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  • 1 Long Wharf Drive
    New Haven, CT 06511
  • Trumbull Pediatric Specialty Center
    5520 Park Avenue
    Trumbull, CT 06611
  • Greenwich Hospital
    500 West Putnam Avenue
    Greenwich, CT 06830

Dominick Tuason, MD

Spine Surgery, Pediatric Orthopedics
Patient type treated
Child
Accepting new patients
Yes
Referral required
From patients or physicians
Board Certified in
Orthopaedic Surgery

Biography

As a pediatric orthopedic surgeon who treats spinal issues, Dominick Tuason, MD, relies on a team approach.

“You’re not just dealing with a child, but the entire family. It’s a team and we all share the same goal—we want to help the child get better,” Dr. Tuason says. “Part of my job is sharing my expertise. I take complex information and break it into understandable segments a 5-year-old and a 30-year-old can understand at the same time.”

Dr. Tuason specializes in treating a type of scoliosis (curvature in the spine) called early onset scoliosis, a rare form that affects children before age 10. “In certain instances when it happens very early during a child’s development, it can impact their pulmonary or breathing function,” he explains.

Today, there are many treatment options for children with various forms of scoliosis. “We try to employ some form of nonoperative treatment, including scoliosis-specific physical therapy and casting, which is a special type of body cast a child wears to help control or even correct his or her scoliosis,” Dr. Tuason says. “For more complex cases, sometimes surgery is necessary to successfully treat the curvature.”

One surgical technique involves implanting a magnetic growing rod in the spine. “We have technologies that include using a remote that you can hold up to a child’s back during an office visit to expand the rods as the child grows,” he explains. “In the past, the rods had to be manually expanded in the operating room about every six months.”

Building relationships with patients and families is the most rewarding part of his job, Dr. Tuason says. “It’s not a one-time interaction where I say hello and goodbye on the same day. When I’m treating someone with scoliosis, I’m typically following them every six to 12 months through adolescence,” he says. “I truly find it fulfilling to become part of the fabric of a family’s life and to see them at the other end of their treatment.”

Dr. Tuason is an assistant professor of orthopedics and rehabilitation at Yale School of Medicine. 

Titles

  • Assistant Professor of Orthopaedics and Rehabilitation

Education & Training

  • Fellowship
    The Texas Scottish Rite Hospital for Children (2012)
  • Residency
    University of Pittsburgh Medical Center (2010)
  • Internship
    University of Pittsburgh Medical Center (2006)
  • MD
    University of Pennsylvania School of Medicine (2005)
  • BS
    Johns Hopkins University, biomedical engineering (2001)

Additional Information

Biography

As a pediatric orthopedic surgeon who treats spinal issues, Dominick Tuason, MD, relies on a team approach.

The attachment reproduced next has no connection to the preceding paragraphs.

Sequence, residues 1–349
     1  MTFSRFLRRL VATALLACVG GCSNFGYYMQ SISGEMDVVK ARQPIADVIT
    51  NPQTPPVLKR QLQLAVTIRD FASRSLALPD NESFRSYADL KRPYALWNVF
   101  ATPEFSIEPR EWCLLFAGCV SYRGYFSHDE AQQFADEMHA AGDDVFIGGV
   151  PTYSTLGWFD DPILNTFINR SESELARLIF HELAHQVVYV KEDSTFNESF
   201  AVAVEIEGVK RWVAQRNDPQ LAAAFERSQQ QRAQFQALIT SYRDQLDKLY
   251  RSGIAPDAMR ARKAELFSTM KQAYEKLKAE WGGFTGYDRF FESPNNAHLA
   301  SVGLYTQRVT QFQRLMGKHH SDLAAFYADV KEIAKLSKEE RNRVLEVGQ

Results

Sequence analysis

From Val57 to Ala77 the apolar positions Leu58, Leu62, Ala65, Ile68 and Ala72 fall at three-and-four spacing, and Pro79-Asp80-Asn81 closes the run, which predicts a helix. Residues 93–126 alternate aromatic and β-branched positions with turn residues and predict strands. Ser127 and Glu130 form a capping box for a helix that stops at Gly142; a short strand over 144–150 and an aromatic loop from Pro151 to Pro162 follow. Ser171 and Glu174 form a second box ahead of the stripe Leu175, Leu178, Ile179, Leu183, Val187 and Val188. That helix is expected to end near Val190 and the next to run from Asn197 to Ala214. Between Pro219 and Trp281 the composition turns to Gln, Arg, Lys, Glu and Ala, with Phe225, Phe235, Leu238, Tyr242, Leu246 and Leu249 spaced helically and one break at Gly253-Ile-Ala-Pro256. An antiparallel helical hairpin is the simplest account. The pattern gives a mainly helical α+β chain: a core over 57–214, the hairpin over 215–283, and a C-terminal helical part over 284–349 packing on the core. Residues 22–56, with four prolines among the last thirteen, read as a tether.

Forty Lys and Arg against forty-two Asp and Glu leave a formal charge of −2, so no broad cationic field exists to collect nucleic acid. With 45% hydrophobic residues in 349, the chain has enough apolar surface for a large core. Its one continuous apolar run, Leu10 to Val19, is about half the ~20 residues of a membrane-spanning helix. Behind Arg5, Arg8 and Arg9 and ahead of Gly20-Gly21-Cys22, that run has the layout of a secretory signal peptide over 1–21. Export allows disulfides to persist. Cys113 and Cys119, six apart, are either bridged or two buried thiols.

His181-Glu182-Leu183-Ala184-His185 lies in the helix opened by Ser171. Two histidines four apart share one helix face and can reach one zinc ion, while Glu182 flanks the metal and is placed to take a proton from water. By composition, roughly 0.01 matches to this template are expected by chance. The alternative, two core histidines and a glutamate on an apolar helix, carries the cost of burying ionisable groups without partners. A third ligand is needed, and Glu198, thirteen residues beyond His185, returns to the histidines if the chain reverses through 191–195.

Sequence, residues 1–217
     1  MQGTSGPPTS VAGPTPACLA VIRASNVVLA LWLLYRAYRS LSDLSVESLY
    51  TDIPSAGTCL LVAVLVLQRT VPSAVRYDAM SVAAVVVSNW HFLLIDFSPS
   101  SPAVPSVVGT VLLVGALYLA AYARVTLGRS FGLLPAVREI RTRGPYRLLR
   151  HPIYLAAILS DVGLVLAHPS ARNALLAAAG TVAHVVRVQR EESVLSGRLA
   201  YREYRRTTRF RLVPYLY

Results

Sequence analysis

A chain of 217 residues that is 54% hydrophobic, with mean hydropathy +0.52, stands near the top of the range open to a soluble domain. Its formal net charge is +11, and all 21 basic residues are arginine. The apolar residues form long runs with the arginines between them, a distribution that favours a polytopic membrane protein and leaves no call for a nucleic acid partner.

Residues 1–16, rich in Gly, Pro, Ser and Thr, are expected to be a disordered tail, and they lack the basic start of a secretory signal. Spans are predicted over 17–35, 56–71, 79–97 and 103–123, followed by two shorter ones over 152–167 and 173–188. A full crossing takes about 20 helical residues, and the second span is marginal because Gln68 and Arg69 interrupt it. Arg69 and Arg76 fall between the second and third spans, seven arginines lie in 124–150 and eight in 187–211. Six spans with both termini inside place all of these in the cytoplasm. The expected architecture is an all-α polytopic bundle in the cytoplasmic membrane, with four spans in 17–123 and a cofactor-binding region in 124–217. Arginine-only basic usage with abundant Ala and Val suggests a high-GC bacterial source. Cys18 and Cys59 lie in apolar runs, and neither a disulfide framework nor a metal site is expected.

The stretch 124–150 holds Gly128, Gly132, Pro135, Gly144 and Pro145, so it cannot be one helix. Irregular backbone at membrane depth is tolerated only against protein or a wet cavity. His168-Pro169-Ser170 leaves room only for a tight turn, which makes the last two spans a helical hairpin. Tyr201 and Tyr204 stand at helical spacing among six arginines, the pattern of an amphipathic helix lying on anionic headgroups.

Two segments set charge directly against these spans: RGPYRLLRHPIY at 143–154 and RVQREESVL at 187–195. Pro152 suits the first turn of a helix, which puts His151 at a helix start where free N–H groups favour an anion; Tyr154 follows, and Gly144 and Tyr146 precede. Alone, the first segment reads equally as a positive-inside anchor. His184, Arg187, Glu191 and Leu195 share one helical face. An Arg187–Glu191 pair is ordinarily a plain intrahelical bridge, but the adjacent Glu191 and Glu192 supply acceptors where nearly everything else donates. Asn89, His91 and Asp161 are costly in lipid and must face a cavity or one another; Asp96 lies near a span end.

“You’re not just dealing with a child, but the entire family. It’s a team and we all share the same goal—we want to help the child get better,” Dr. Tuason says. “Part of my job is sharing my expertise. I take complex information and break it into understandable segments a 5-year-old and a 30-year-old can understand at the same time.”

Dr. Tuason specializes in treating a type of scoliosis (curvature in the spine) called early onset scoliosis, a rare form that affects children before age 10. “In certain instances when it happens very early during a child’s development, it can impact their pulmonary or breathing function,” he explains.

Today, there are many treatment options for children with various forms of scoliosis. “We try to employ some form of nonoperative treatment, including scoliosis-specific physical therapy and casting, which is a special type of body cast a child wears to help control or even correct his or her scoliosis,” Dr. Tuason says. “For more complex cases, sometimes surgery is necessary to successfully treat the curvature.”

One surgical technique involves implanting a magnetic growing rod in the spine. “We have technologies that include using a remote that you can hold up to a child’s back during an office visit to expand the rods as the child grows,” he explains. “In the past, the rods had to be manually expanded in the operating room about every six months.”

Building relationships with patients and families is the most rewarding part of his job, Dr. Tuason says. “It’s not a one-time interaction where I say hello and goodbye on the same day. When I’m treating someone with scoliosis, I’m typically following them every six to 12 months through adolescence,” he says. “I truly find it fulfilling to become part of the fabric of a family’s life and to see them at the other end of their treatment.”

Dr. Tuason is an assistant professor of orthopedics and rehabilitation at Yale School of Medicine. 

Titles

  • Assistant Professor of Orthopaedics and Rehabilitation

Education & Training

  • Fellowship
    The Texas Scottish Rite Hospital for Children (2012)
  • Residency
    University of Pittsburgh Medical Center (2010)
  • Internship
    University of Pittsburgh Medical Center (2006)
  • MD
    University of Pennsylvania School of Medicine (2005)
  • BS
    Johns Hopkins University, biomedical engineering (2001)

Additional Information

  • 1 Long Wharf Drive
    New Haven, CT 06511
  • Trumbull Pediatric Specialty Center
    5520 Park Avenue
    Trumbull, CT 06611
  • Greenwich Hospital
    500 West Putnam Avenue
    Greenwich, CT 06830